MISSOULA — With the urging of local businesses, faith leaders and members of the community, Missoula County commissioners on Wednesday signed a letter to Secretary of State Mike Pompeo stating their consent to the resettlement of refugees within the county.
The consent of both state and local elected officials is now required under an executive order issued in September by the Trump administration. Gov. Steve Bullock and Missoula Mayor John Engen have already consented to resettlement in Missoula.
“Missoula has been a highly supportive environment for refugees,” said Jen Barile, executive director of the International Rescue Committee in Missoula. “In turn, our new community members have contributed economically, socially and culturally to our city.”
The IRC is one of nine refugee resettlement programs operating in the U.S., and each must win state and local permission to continue their work at the local level. That could force a number of offices to close, especially as the Trump administration slashes the national quota for new admissions to historic lows.
But in Missoula, support for the program has only grown since 2016, when more than a 1,000 advocates marched through the city’s streets to support resettlement. The IRC reopened its Missoula office shortly after and has since resettled 343 individual refugees to the city, primarily from the Democratic Republic of Congo, Syria, Iraq and Eritrea.
Nolasque Balitebya, a refugee from the Congo, thanked advocates for their support during Wednesday’s hearing.
“Thank you so much for the new culture – the culture of accepting refugees into your country,” said Balitebya. “The lack of peace in our respective countries made us fear. After spending so many years in a second country, we are finally in the U.S.A., and precisely in Missoula. You Missoulians are very hospitable.”
Along with the executive order, the Trump administration has slashed the number of refugees who will be admitted into the U.S. in the 2020 fiscal year to just 18,000.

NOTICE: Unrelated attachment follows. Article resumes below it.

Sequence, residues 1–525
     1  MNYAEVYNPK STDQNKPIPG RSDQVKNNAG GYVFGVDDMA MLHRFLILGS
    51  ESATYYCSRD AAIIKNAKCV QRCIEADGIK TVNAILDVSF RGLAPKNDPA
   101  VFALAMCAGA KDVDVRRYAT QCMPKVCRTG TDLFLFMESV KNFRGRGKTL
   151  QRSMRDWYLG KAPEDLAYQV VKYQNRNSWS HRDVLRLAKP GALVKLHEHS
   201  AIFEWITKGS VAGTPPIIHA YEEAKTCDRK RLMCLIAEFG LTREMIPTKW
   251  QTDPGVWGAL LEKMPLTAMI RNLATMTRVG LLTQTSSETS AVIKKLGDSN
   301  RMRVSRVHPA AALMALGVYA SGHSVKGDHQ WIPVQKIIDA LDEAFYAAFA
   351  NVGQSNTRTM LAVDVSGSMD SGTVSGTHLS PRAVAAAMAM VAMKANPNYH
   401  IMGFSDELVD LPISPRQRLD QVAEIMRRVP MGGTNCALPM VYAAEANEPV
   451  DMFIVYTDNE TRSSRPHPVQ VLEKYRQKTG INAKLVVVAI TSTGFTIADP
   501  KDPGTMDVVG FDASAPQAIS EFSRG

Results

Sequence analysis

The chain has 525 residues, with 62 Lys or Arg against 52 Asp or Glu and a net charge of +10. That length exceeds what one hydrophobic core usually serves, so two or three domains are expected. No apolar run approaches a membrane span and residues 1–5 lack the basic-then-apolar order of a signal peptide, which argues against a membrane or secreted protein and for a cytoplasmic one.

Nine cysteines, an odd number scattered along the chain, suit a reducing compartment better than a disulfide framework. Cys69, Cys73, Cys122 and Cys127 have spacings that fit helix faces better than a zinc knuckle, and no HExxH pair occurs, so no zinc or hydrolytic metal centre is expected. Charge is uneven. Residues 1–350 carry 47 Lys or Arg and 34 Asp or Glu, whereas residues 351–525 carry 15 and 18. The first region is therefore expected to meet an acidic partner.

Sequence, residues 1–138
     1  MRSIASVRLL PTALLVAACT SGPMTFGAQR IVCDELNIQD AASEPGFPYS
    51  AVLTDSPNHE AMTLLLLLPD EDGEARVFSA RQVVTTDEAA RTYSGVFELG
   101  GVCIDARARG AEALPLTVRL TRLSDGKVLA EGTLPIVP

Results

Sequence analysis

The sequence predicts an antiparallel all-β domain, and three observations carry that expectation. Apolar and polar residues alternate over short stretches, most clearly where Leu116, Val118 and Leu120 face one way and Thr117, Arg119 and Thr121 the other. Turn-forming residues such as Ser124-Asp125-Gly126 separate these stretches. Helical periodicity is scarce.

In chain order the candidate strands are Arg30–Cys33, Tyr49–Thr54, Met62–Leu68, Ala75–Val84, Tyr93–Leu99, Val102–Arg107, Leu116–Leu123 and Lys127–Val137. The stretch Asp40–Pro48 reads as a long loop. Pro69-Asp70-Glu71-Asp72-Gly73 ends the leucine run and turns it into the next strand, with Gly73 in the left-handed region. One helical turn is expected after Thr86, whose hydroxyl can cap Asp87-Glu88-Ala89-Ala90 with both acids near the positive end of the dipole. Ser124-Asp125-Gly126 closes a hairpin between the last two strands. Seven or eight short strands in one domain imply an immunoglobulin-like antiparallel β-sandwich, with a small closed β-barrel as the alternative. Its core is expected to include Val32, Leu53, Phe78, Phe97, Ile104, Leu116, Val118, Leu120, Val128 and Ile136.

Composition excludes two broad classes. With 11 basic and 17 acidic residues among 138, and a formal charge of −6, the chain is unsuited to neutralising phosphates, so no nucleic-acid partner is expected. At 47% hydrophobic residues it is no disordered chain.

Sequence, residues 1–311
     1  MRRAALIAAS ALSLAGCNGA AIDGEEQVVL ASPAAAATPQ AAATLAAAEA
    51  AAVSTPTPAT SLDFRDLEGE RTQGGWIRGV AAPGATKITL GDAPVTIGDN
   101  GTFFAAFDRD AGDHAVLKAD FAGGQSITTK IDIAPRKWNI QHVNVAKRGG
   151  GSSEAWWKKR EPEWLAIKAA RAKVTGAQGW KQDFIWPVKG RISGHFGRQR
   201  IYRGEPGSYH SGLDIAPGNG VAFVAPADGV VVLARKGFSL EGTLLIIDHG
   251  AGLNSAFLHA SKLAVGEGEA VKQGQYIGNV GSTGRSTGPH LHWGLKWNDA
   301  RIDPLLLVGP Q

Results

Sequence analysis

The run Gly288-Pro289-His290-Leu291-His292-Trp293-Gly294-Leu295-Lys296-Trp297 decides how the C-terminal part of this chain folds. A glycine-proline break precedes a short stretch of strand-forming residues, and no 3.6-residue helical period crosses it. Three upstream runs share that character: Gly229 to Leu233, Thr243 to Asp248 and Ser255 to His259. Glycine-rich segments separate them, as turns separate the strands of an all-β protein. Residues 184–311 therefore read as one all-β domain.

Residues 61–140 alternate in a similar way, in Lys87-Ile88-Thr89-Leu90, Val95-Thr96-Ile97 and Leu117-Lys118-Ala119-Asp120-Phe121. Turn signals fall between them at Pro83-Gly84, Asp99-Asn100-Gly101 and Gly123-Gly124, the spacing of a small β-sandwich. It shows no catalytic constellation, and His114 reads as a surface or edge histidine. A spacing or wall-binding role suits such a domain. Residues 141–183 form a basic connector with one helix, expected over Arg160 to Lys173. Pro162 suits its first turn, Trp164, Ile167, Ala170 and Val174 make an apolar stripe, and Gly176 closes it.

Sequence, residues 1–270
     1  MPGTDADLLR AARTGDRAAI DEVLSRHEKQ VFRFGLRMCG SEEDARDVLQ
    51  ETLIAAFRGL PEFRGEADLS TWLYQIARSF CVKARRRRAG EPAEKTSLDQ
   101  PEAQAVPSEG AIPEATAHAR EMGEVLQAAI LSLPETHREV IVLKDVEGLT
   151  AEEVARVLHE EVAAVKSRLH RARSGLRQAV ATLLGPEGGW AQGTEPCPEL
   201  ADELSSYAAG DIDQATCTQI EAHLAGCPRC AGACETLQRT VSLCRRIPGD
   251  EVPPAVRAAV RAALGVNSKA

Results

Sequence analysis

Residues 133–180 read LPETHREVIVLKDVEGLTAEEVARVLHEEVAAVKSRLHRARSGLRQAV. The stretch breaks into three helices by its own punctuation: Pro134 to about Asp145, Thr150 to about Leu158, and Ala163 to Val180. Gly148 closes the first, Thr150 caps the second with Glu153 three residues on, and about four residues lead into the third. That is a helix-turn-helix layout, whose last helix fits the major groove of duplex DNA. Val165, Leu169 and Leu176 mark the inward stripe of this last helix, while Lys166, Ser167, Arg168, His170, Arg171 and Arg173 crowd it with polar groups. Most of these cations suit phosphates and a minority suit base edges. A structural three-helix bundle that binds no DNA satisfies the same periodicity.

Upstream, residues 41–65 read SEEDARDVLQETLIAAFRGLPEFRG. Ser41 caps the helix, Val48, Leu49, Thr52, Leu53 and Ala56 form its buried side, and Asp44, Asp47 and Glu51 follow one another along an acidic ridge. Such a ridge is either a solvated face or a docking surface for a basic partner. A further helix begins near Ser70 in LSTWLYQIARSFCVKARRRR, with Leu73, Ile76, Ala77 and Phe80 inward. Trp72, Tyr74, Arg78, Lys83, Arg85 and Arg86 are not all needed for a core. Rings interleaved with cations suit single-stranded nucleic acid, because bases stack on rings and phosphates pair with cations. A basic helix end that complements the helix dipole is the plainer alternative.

The average number of annual admissions since the program began in 1980 under the Refugee Act was 95,000. It rose to 110,000 under the Obama administration, but was cut to 85,000 in Trump’s first year.
The president’s latest cap of 18,000 marks a historic low, even as the economic output of the refugee population grows.
“It was this administration’s own report that showed that over a decade, refugees generated $63 billion more in revenue for federal, state and local governments than the U.S. spent on welcoming them,” said Barile. “They contribute meaningfully to our economy as taxpayers and consumers, they create jobs as entrepreneurs, and they play a critical role in the labor force.”
Several Missoula business owners supported that claim, including a number of restaurateurs who have welcomed refugees into their workforce.
Theo Smith, owner of Masala, said many restaurants are struggling to find labor.
“Low unemployment rates have driven both a local and national decline in restaurant staff,” said Smith. “Masala has been affected by these trends. It’s been the incoming refugees here in Missoula that have turned our labor problems around.”
Smith said half of his staff of 13 employees is now comprised of refugees, and they’ve proved model employees. Julie and Taylor Clayton, owners of Basal, offered a similar sentiment, saying one of their Syrian employees has emerged as a role model.
“We really can’t say enough about how impactful she’s been on our business,” said Taylor Clayton. “As we look to the future and look toward growth, and how we’re going to achieve some of the goals we’ve set for ourselves as business owners, our plan now fundamentally includes refugees, purely based on their work ethic and character.”
Others praised the resettlement program for bringing diversity to the community, both racially and culturally.
Mirtha Becerra, an immigrant to the U.S. who now sits on the Missoula City Council, said the federal government’s historically low immigration quotas shouldn’t deter the city from helping those in need.
“It should not prevent us from opening our community to the many families desperately searching for a place to call home and raise their families,” said Becerra. “As an immigrant myself, I understand the difficulties associated with leaving one’s home and the importance of living in a community that welcomes a foreigner.”
Missoula County commissioners unanimously praised the IRC and the lives it has changed. No one spoke against their letter of consent on Wednesday, though roughly 25 people attended what’s typically a mundane administrative meeting to lend support.
Commissioners held the hearing in the newly christened Sophie Moiese Room. Moiese was a respected elder with the Salish Tribe, which once occupied what’s now Missoula before the arrival of European settlers.
“Unless you can trace your lineage back to Sophie and her people, or some other indigenous folks, you’re an immigrant,” said Commissioner Josh Slotnick. “We’re all children of immigrants, and all our relations came here fleeing someplace else. If you have any doubt about the contribution of immigrants, look around you.”